Having arrived in this country 40 years ago as a child, my family settled in a highly diversified neighbourhood in Western Sydney, surrounded by people of many nationalities. My school friends were Australian-born Italians, Lebanese, Maltese, Chinese and Catholic-Irish kids. I was the overseas-born oddball. No one could work out where from. I didn’t look Italian or Lebanese or Maltese, and whilst I was Catholic I was definitely not Irish. Couldn’t anyone tell I was Latin American?
As a young child, I had never realized that my mother – who was of European descent – was indeed, white, whilst my father with dark skin, was described as a Black man. I was a strange mix between the two. As my mother struggled with English, I often became her translator and people would ask me to “translate this for the lady.” Couldn’t people tell this “lady” was my mother?
Unknown to me, I had a slightly unusual and indistinguishable accent so I was often asked if I was from South Africa, or lived in the UK. I was often assumed to have been educated in another country though I had done a majority of my schooling here in Australia. By the time I started working, proof-reading documents in my job, my managers were always surprised I could correct their poor grammar. Couldn’t they expect from my good grades at school and uni that I would have a good command of the language?
At social events people were often reluctant to engage in conversation, until they heard me speak “Aussie” English. On one occasion I was even described as ‘exotic.’ People couldn’t tell that I was a well-educated, socially capable person just like them and I didn’t understand why.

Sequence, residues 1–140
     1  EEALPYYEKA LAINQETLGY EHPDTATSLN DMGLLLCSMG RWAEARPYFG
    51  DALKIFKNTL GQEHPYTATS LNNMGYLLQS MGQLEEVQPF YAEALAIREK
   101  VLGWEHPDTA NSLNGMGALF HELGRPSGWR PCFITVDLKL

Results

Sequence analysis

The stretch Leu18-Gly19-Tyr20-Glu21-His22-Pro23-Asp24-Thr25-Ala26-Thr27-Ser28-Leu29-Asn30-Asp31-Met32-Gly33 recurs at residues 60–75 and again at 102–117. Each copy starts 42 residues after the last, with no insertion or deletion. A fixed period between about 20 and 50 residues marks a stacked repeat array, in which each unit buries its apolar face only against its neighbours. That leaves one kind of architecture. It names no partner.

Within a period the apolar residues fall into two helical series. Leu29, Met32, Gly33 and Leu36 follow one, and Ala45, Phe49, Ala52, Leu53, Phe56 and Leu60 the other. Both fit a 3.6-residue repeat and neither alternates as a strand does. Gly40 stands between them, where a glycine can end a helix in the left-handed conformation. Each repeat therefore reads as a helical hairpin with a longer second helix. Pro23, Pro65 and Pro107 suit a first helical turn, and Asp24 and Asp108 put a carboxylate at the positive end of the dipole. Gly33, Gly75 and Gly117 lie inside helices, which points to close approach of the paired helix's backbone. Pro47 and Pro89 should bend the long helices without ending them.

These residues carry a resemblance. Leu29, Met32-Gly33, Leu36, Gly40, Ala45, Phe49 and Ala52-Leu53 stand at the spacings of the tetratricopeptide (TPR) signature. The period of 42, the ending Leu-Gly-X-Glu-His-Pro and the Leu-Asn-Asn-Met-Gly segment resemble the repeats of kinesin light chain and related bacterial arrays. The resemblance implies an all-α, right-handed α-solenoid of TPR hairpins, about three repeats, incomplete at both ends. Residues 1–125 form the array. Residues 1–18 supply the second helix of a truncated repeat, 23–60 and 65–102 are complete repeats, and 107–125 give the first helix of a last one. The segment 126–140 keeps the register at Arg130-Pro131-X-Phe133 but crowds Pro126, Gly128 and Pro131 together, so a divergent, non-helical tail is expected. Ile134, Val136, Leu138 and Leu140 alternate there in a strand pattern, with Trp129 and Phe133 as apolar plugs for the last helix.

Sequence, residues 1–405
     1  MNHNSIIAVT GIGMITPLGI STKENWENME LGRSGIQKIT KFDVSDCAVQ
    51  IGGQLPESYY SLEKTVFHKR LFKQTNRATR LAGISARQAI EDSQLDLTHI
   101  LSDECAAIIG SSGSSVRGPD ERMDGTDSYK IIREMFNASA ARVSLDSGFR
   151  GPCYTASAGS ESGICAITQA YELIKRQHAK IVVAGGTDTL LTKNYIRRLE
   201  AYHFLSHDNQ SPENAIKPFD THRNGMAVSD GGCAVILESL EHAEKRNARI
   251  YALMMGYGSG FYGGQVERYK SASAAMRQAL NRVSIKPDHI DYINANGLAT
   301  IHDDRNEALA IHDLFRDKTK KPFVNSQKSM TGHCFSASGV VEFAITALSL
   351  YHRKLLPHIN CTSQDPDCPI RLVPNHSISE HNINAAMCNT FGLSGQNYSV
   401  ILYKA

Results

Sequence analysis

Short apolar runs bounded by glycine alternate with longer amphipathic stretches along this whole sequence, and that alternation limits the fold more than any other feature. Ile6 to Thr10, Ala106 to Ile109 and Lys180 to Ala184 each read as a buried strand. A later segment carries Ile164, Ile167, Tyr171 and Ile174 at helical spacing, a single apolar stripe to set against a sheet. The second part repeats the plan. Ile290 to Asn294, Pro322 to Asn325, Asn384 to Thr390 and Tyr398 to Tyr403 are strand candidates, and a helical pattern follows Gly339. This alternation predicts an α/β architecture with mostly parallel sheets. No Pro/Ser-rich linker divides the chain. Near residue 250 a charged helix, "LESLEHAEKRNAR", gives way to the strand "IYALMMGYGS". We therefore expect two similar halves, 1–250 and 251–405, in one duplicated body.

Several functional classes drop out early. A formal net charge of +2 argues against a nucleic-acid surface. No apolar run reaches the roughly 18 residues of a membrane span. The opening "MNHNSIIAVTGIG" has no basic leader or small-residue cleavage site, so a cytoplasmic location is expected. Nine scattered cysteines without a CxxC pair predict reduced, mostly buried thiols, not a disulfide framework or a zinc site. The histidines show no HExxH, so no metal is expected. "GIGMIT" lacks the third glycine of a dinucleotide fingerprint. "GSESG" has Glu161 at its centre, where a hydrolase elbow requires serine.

It was many years later that I realized that while I was fortunate not to have experienced open racism unlike most migrants to this country, the answer to all those questions resided in a more sophisticated and sinister form of discrimination that was silent and invisible.
I was pigeon-holed into one of the migrant stereotypes, but because the Latin American community in Australia was so small in the late 70’s, people often relied on the American manufactured stereotypes of uneducated drug-dealers and domestic workers to form preconceived notions of my identity.
Learning English from scratch as a child, I have a better grasp of the language than most – yet I am made to prove this continually in an offensive and humiliating rituals on the grounds that my ability to write and speak ‘correctly’ are contingent on my skin colour.
I am fortunate and tremendously proud to defy my racial stereotype and exceed the offensive and ultimately oppressive expectations of Australia. However, the struggle is for those who look and sound just like me, but have been robbed of an opportunity to succeed by silent and invisible discrimination that manifests in stereotypes and casual racism.
I stand with these fellow People of Colour, who are judged by our skin, nationality and names, and not by our abilities. We are not uneducated or unintelligent and we do not have to prove ourselves to Australia again and again.